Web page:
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The value systems from which organizations derive their culture dictates the ethical behavior of their managers and employees (Jones, 2010). In many companies, especially large firms, managers are supposed to abide by a set of rules that guide them as they discharge their duties. However, an effective organization seeks to balance the interests of all stakeholders to ensure that all groups are minimally satisfied (Sims, 2002). Managers are often faced with ethical dilemmas when confronted with issues that need them to make a decision that weighs heavily on the interests of opposing parties (Jones, 2010). In making appropriate decisions, managers weigh the balance between stakeholders and take actions that will be able to appeal to both parties.
The utilitarian approach proposes that managers should focus on providing the most significant benefits for a large number of stakeholders at the lowest cost possible. In essence, managers are supposed to weigh the costs and the benefits of their actions as a way of balancing between two different courses of action (Sims, 2002).
The utilitarian approach has been held as the most popular business ethics and management approach because it is in line with some of the business goals, such as profitability, efficiency, and productivity (Jones, 2010). Through profit maximization, managers can argue that they make such decisions to secure and safeguard the greatest god for the most significant number of people. This principle anticipates that if a business decision only brings good to a few people then, such an action will be rendered unsustainable.
The Moral Rights Approach
According to the moral rights view, one is subject to uphold respect for the rights of other individuals, such as the right to free speech, privacy, and respect for due process. This principle supports that even though an action derives the highest good, it is not actionable if it does not allow others to access their rights (Sims, 2002).
The position contemplated by this rule implies that employees are protected even if they report their employer of unethical or illegal activities. With the preceding, managers are constrained to respect individual rights (Jones, 2010). In the interest of the employees, managers may find this rule untenable since the rules may not add up to establish the goals of an organization.
The Justice Approach
This approach embodies the principles of democracy and serves to safeguard the interests of the minority in society. This approach suggests that managers, in their effort to enforce rules, must endeavor to apply the rules somewhat, impartially, and equitably to ensure equal allocation of resources, costs, and benefits (Jones, 2010).
This approach finds application in organizations that have unions. Union members tend to favor this view. The view suggests that people should be paid or rewarded equitably for the same job regardless of the differences in actual performances. According to the principles of justice approach, people should receive equal treatment and be rewarded differently based on skills, but not gender, race, or religion.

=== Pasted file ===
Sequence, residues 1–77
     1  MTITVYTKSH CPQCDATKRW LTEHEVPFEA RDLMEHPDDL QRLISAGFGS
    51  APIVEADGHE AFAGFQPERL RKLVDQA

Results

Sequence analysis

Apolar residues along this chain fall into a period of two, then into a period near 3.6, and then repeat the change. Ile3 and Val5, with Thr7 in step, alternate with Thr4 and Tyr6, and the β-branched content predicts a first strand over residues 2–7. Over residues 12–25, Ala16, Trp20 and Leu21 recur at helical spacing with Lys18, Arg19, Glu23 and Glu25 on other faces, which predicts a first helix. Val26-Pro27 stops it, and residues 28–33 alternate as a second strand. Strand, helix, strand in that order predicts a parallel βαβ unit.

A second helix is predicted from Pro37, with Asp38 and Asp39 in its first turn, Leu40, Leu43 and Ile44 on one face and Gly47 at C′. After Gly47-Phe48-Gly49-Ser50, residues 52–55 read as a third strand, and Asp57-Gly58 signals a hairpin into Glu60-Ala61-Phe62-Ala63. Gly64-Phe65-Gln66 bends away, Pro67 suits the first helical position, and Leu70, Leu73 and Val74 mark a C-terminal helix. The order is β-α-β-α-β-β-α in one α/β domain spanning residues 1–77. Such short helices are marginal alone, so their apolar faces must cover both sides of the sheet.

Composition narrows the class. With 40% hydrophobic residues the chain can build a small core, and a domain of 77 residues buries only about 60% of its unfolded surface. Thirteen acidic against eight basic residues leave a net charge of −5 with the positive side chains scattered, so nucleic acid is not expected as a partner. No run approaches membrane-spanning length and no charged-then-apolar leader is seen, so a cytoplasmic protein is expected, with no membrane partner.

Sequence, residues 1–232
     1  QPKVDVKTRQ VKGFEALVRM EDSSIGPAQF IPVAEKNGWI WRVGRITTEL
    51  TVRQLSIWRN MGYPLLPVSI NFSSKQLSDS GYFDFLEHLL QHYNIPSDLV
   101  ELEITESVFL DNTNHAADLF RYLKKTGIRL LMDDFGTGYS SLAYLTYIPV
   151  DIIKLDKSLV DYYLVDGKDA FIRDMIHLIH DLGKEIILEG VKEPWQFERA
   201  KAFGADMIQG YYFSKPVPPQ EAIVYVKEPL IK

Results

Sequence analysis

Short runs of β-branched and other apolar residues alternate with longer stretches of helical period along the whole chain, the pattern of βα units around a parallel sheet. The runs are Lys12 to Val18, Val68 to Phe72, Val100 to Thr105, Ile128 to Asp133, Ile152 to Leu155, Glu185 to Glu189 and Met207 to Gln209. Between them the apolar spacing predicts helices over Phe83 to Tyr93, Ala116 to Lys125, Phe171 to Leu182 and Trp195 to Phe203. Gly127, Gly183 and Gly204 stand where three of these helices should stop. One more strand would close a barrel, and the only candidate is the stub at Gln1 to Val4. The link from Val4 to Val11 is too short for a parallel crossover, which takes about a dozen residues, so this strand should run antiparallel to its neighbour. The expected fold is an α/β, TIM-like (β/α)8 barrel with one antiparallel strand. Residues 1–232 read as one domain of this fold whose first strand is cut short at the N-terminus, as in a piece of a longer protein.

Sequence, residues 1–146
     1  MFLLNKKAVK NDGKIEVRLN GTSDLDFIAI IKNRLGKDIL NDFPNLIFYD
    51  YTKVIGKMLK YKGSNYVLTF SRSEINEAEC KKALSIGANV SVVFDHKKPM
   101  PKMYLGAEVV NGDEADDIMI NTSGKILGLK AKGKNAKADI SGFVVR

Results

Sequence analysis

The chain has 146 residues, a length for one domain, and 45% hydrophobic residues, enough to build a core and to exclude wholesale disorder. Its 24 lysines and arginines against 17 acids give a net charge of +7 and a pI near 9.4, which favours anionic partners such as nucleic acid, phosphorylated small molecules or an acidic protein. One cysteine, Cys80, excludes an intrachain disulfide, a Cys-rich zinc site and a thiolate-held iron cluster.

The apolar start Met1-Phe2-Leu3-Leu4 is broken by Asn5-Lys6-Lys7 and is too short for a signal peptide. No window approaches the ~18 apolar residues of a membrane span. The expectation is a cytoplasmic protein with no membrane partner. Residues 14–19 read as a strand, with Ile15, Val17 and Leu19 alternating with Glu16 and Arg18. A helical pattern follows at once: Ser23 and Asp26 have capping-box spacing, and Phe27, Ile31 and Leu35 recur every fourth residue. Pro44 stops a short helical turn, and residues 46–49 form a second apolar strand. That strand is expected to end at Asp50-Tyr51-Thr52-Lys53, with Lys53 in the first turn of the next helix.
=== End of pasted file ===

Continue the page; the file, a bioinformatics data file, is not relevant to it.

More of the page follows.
It is tough to apply a single approach to managing an organization. The fact that a unique approach cannot be applied consistently requires that a manager exercise his or her skills to ensure that a mix of approaches works for the good of the organization (Sims, 2002). All these approaches are available to organizations and managers to identify and utilize that which resonates with the underlying circumstances to improve the performance of all stakeholders.
Arguably, no one can have the monopoly to assert the greatness of a single approach over the other. However, considerable evidence demonstrates that the utilitarian approach remains the most conspicuous in organizations today (Jones, 2010). This is because the theory of utilitarianism suggests that people should act in a manner that brings the highest good to the most considerable number of people within a setting, such as a business.
An action that appeals to the most significant population is a welcome approach that can promote the growth of any business entity (Sims, 2002). Usually, ideally, an action that appeals to the majority of different groups of stakeholders in an organization tends to be supported and embraced.
Therefore, the utilitarian approach not only brakes from the downsides of justice and moral approaches but also seeks to propel increase productivity and efficiency (Jones, 2010). While the moral rights view is consistent with the rights of privacy and freedom and liberty, many organizations fear that such an approach introduces a legalistic work environment that impedes productivity and efficiency of the workflow (Sims, 2002).
Businesses exist to make profits as they support the society and the community in which they operate. The justice perspective has been viewed as a means of protecting the rights of unrepresented and the less powerful in an organization, but encourages a sense of entitlement and has the tendency to reduce risk-taking and hinders innovation and productivity (Sims, 2002). Individuals and corporate managers tend to accommodate and deploy utilitarian principles.
However, it should be understood that times are changing and that there is a need to develop a hybrid approach that outsources preferable aspects of all methods to bring forth a holistic managerial approach (Sims, 2002). Although not an entirely knitted approach, the utilitarian approach embraces a wide range of aspects that make it the populous approach in modern business practice.
Jones, G. R. (2010). Organizational theory, design, and change (6th ed.). Upper Saddle River, New Jersey: Prentice Hall.
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Sims, R. R. (2002). Managing organizational behavior. Westport, CT: Greenwood Press.